3 Ways to Tackle Trash on Trail
Being an advocate for trails can mean many things — even picking up trash. That’s why WTA is asking hikers to make a pledge to pick it up and pack it out.
Being an advocate for trails can mean many things — even picking up trash. That’s why WTA is asking hikers to make a pledge to pick it up and pack it out. To inspire you, we asked Holly Weiler, WTA’s Eastern Washington regional coordinator and enthusiast for leaving places better than she found them, to talk about the types of trash you might find and how to deal with it.
Tucked into a pocket of every backpack I own is at least one plastic bag earmarked for the inevitable trash I find along trails and in campsites.
Frequent finds consist mostly of microtrash: a corner of a granola bar wrapper that was accidentally dropped on trail, or the top of an instant-coffee packet in a campsite. These pieces of trash are easy to pick up: Just tuck them in a hip pouch or small bag. You barely even need to pause. I’m happy to help pack out these likely inadvertent pieces of litter, as this kind of trash can come from even the most conscientious hiker.
Rarely fun, but cool if you do
More troubling are the deliberate forms of trash. I once carried 11 full freeze-dried meals and four partial propane canisters from the Little Snowy Top Lookout in the Salmo-Priest Wilderness. Rodents had already gnawed their way into most of the food packets. Balloons, food and nearly empty canisters are all types of trash left behind by folks who don’t fully think through the consequences of their decisions. Hiking out this type of trash takes more work — and more dedication. It helps to always have a trash bag in your backpack so you can pack it out more easily.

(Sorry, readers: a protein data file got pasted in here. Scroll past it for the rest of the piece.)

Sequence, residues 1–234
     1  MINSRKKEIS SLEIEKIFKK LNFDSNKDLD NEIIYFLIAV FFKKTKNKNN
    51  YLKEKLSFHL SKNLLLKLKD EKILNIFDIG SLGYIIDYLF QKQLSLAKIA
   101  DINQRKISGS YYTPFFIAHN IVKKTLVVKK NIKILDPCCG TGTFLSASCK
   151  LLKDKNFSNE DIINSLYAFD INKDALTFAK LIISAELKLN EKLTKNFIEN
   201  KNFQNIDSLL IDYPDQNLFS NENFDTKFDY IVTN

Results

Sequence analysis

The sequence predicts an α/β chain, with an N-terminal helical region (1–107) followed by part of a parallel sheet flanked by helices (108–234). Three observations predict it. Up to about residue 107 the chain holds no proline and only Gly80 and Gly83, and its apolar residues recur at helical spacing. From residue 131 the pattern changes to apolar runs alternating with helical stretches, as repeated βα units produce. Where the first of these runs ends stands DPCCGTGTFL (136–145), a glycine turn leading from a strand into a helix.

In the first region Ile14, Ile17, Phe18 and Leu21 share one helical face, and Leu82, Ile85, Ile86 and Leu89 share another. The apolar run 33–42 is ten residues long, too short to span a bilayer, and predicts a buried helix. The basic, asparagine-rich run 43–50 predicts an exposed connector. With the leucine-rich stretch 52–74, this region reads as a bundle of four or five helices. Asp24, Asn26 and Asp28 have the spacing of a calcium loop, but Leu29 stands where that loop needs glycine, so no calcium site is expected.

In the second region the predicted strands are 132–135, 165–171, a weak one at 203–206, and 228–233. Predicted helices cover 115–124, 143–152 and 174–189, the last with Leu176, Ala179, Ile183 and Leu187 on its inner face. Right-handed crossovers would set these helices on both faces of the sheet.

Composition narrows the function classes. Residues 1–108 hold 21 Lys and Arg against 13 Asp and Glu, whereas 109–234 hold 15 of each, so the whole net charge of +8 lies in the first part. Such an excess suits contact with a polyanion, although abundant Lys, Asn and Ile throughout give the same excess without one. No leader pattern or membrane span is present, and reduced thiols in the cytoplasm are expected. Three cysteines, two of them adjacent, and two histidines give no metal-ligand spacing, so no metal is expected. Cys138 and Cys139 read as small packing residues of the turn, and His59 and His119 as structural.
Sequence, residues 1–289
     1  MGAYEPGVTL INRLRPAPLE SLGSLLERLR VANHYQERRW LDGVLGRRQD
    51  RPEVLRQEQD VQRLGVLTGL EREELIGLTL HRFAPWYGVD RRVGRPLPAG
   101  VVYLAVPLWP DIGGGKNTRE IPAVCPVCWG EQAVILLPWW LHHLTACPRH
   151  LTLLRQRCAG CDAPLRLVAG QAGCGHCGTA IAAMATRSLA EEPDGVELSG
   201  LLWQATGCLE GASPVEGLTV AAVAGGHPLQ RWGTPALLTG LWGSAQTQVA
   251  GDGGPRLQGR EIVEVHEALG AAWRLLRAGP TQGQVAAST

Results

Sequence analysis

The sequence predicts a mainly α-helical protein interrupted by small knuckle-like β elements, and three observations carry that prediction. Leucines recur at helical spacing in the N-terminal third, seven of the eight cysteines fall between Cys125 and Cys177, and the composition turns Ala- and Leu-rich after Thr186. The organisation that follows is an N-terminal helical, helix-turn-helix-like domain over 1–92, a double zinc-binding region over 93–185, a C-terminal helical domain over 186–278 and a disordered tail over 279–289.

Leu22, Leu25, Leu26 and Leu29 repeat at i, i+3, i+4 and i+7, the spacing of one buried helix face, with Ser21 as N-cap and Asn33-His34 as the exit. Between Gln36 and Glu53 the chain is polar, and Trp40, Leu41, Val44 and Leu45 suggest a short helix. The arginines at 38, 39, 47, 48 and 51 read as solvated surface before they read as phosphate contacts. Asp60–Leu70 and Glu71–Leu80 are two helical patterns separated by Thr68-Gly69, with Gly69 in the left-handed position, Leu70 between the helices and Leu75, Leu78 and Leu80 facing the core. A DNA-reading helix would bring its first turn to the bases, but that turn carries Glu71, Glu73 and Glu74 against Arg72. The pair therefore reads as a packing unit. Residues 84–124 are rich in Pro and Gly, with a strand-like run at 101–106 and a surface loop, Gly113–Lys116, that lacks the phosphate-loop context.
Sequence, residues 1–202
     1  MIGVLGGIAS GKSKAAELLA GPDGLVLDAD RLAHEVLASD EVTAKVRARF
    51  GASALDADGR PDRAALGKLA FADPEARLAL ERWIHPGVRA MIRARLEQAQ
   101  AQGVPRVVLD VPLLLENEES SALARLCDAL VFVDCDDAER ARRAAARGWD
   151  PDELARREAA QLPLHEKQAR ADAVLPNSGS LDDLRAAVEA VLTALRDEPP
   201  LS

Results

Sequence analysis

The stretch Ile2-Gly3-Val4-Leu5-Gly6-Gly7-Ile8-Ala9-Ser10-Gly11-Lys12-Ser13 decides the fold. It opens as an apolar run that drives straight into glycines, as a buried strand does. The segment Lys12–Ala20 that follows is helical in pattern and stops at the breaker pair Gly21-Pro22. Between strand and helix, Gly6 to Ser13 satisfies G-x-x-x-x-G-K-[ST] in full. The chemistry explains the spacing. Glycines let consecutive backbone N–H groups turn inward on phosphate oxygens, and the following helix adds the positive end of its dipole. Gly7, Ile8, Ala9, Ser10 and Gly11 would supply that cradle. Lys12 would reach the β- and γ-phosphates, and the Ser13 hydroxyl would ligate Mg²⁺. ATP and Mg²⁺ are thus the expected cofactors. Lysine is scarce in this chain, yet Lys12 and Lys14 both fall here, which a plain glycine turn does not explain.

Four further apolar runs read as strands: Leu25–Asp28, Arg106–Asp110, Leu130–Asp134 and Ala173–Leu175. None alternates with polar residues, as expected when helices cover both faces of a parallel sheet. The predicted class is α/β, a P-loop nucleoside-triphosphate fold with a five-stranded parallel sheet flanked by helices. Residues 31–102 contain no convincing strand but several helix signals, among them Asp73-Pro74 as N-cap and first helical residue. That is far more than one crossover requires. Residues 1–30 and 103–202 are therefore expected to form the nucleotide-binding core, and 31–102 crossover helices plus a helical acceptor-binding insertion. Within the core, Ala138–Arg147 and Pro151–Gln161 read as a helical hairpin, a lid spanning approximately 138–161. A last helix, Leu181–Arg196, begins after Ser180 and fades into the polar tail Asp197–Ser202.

A collective effort
Then there is the type of trash that makes me truly angry with whoever left it: the deliberate rubbish heap. Along North Fork Asotin Creek, I found a hollow tree stump stuffed with aluminum and plastic trash. In the dry Juniper Dunes Wilderness, a friend and I filled two large trash bags with empty water bottles after someone apparently packed in several cases of water and dumped the empties beneath a large juniper tree. Deep in the Wenaha Tucannon Wilderness, I found multiple campsites with abandoned camp equipment and trash. One such camp, when reported to the U.S. Forest Service, required nine mule loads to pack out everything. Another had a tarp-covered structure, built out of trees illegally cut from the surrounding forest using chainsaws. I knew this because the culprit left the majority of their bar-and-chain oil behind.
The best method of dealing with this last variety of trash is to report it to the land manager for the area in question. I capture the GPS location and snap a few photos, then pass the information along. It’s an easy way to help overburdened agencies by being their eyes on the ground, and it helps provide a better experience for the next visitor. (Not sure who the land manager is? Check our hiking guide entry for the trail in question.)
For really bad trash like this, I generally pack out what I can, choosing the most damaging trash (hammers and nails; zip ties; rope, string or wire tied tightly around live trees) or items that I might be able to repurpose. On one recent trip in the Salmo-Priest Wilderness, I found a Dutch oven! I carried it 7 miles to the car. It’s a little rusty and will require a bit of work to make it usable, but once it is cleaned up, it will be my kitchen item with the best back story. Next time you’re out on trail, do your part to leave it nicer than you found it.
SIGN THE #LEAVENOTRASHONTRAIL PLEDGE
Show you are committed to leaving no trace on Washington's public lands, in the present and the future.
Next time you're on the trail, pick up a piece of trash and pack it out. It's as easy as that.